When it comes to explicit aerotic details of nonsexual intimacy you all know that I just love the language. I’ve got the kind of mind that loves nothing better than dreaming up new, provocative ways to describe the way that intimate things go on. Deep down inside my own personal mission, let’s call it a hobby, is to make you see so much possibility outside of the bounds of bump-n-grind sexual relationships that you break out in a sweat. There’s a reason words are one of the favorite nonsexual tricks I keep up my sleeve, they can unite whole communities, caress emotions, they can redefine love in the very moments you are having it. But baby, I wouldn’t want you to think that words are all I got.
Just ‘cuz I can talk dirty doesn’t mean that all I know how to do is talk.
See, I like doin’ it. And that’s good because I’m doin’ it every night of every week and for most of the day on weekends. Don’t get me wrong, I provide serious attention to my professional responsibilities and I am dedicated to the work that remains to be done on AVEN, but my number one priority is exploring every possibility and every sensation that my relationships can offer me. Every interesting possibility anyway. So get nice and comfortable, we’re gonna take a little guided tour of my nonsexual experiences in the field. A warning for anyone new to asexual relationship dynamics or otherwise squeamish about nontraditional methods of getting’ it on: all of the intimate relationships I’m going to talk about are with sexual people and none of them involve sex.
I engage in something called Community Based Intimacy. That means that what most people do in their relationship with their boyfriend, girlfriend or spouse I do in my relationship with my entire community. Because I’m asexual I couldn’t date in the strictly traditional sense even if I wanted to. And for a long time that was really confusing because without dating I had no way to know which people I was supposed to be in love with and which people were just my friends. Without a system like to think about their relationships many people feel alone and isolated. For this reason people who can’t engage in strictly traditional dating, like asexual people, seek out less traditional ways of thinking about relationships. These range from simply dating without having sex to mixing elements from traditionally sexual romantic relationships and traditionally nonsexual friendships to radically redefining the way that relationships are described and categorized. Community Based Intimacy is a system of thinking about relationships which holds that special significance can not be given to one boyfriend or girlfriend, or even to a small cadre of partners. The core idea is that every relationship has to be thought about the same way because every relationship matters. Here’s a snapshot of what that looks like for me right now:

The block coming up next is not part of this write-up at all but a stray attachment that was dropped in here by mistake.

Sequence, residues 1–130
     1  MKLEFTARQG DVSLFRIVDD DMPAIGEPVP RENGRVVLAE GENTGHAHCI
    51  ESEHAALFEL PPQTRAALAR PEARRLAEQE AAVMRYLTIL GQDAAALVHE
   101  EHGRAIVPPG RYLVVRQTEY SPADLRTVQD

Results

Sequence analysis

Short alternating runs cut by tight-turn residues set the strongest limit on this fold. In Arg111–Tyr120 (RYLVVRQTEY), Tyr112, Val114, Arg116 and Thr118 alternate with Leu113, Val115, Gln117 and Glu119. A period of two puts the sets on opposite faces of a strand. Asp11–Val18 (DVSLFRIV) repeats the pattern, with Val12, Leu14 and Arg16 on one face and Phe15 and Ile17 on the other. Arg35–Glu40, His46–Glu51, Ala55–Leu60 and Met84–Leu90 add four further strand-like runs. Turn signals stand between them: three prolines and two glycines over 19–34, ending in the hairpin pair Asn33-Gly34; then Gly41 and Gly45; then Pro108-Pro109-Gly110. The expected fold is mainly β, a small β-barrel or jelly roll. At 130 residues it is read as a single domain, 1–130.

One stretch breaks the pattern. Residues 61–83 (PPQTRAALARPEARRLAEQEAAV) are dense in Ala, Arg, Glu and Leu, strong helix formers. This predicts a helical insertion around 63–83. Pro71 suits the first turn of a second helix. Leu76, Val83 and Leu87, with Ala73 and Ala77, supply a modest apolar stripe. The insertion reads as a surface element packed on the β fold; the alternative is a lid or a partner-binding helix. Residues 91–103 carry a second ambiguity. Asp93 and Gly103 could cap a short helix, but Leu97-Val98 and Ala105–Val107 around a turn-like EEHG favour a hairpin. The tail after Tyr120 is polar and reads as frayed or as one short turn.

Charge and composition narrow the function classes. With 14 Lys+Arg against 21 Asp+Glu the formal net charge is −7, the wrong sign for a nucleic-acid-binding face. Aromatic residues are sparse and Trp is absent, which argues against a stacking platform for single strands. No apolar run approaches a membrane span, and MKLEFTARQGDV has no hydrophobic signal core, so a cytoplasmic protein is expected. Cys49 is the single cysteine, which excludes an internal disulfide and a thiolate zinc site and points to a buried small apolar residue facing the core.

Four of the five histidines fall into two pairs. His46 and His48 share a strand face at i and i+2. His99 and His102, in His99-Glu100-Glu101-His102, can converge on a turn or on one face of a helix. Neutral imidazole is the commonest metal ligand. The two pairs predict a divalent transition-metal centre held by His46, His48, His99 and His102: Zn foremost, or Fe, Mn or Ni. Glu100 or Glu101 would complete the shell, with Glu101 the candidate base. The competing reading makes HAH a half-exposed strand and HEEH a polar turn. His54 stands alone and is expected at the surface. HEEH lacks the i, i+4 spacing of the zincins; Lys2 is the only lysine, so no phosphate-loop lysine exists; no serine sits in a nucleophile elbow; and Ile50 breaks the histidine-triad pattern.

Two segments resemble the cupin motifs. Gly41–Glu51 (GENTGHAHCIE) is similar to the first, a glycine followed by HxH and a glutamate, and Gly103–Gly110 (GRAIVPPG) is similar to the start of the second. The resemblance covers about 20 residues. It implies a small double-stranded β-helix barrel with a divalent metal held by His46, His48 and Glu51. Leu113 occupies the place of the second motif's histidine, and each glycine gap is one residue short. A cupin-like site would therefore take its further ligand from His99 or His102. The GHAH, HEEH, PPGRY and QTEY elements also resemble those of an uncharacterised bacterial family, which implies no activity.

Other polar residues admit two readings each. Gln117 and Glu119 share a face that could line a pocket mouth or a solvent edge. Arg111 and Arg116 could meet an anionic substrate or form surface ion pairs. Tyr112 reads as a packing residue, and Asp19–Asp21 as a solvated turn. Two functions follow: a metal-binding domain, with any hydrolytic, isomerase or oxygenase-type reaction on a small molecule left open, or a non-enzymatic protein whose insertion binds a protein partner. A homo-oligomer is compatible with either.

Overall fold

I have three primary relationships, about a dozen secondary relationships and another hundred or so people I keep in touch with. One of those primary relationships is with an individual and the other two are with groups, which means that there are a total of about nine people that collectively make up what for most people would be a girlfriend or a boyfriend. This has its advantages and its disadvantages, it’s relatively stable and there’s lots of variety, but scheduling can be a nightmare. More on that later.
Let’s start with my most traditional primary relationship, which is with my friend Karuna. Karuna and I have had a strong creative bond ever since we met. Both of us are people who put ourselves out there, and our relationship is built around supporting one another when we need to go out on a limb. We sing karaoke, improvise elaborate routines on the dancefloor and spend hours sipping tea and reflecting on our lives. Whenever we get together there’s this powerful creative, supportive energy that I’ve come to count on. She’s a part of why I don’t sweat appearances on national television.
W e hang out once a week or more, usually in a way that involves a lot of laughing and expressing ourselves in public. We’re affectionate and have committed to being there for one another, at least for the foreseeable future. Karuna also has a boyfriend and there’s a clear sense of how her relationship with him and her relationship with me compliment each other. I’m working my way to becoming friends with him as well.